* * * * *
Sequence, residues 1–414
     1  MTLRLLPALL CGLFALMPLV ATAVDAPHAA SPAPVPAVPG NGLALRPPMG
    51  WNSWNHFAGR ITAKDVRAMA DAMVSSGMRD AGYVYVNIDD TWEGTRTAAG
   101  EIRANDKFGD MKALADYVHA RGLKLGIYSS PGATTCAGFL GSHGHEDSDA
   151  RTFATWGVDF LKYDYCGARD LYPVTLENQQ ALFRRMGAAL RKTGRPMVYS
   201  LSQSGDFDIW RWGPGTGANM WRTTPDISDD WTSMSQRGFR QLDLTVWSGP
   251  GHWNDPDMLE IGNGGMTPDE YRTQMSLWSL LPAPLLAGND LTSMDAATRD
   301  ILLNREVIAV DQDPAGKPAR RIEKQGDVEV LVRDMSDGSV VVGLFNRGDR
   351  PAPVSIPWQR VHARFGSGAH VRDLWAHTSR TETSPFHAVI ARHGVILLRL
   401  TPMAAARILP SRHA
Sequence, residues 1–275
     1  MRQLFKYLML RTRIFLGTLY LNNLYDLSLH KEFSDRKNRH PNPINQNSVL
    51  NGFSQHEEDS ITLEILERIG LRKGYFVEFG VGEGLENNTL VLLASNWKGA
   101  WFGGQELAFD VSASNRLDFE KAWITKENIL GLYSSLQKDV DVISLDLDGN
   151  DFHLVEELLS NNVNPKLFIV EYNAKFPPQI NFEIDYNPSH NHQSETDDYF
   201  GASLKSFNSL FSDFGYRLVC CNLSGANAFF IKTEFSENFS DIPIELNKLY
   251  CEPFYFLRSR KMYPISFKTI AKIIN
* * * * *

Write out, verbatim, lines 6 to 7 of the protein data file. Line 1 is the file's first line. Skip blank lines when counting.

   201  LSQSGDFDIW RWGPGTGANM WRTTPDISDD WTSMSQRGFR QLDLTVWSGP
   251  GHWNDPDMLE IGNGGMTPDE YRTQMSLWSL LPAPLLAGND LTSMDAATRD